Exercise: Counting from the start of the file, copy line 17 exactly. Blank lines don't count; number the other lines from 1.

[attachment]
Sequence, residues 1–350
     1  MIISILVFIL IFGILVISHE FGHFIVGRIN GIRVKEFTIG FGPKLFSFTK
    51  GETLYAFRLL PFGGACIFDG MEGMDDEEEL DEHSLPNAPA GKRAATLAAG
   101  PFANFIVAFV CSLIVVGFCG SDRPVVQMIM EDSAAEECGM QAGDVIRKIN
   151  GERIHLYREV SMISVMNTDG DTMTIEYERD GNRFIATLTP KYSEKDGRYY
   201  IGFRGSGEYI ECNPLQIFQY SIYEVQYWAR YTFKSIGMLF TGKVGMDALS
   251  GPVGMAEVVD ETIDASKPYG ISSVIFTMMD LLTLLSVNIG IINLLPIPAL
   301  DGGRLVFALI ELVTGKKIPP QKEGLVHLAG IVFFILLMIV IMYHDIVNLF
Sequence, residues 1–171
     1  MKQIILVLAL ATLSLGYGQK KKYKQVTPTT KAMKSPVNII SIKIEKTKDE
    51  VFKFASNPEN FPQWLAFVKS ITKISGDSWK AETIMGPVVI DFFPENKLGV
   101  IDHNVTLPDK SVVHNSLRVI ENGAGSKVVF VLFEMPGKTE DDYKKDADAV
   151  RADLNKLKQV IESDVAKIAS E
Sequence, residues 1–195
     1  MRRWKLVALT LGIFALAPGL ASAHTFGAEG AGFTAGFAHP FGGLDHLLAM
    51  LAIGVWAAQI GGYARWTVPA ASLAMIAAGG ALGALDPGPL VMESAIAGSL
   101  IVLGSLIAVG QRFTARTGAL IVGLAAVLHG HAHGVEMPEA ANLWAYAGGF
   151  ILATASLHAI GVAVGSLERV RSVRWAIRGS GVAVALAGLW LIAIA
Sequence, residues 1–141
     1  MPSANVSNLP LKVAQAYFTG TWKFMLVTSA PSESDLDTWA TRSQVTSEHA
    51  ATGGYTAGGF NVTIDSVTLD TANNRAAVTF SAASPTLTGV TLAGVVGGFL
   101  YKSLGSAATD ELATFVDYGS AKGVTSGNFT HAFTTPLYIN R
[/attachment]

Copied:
   101  IVLGSLIAVG QRFTARTGAL IVGLAAVLHG HAHGVEMPEA ANLWAYAGGF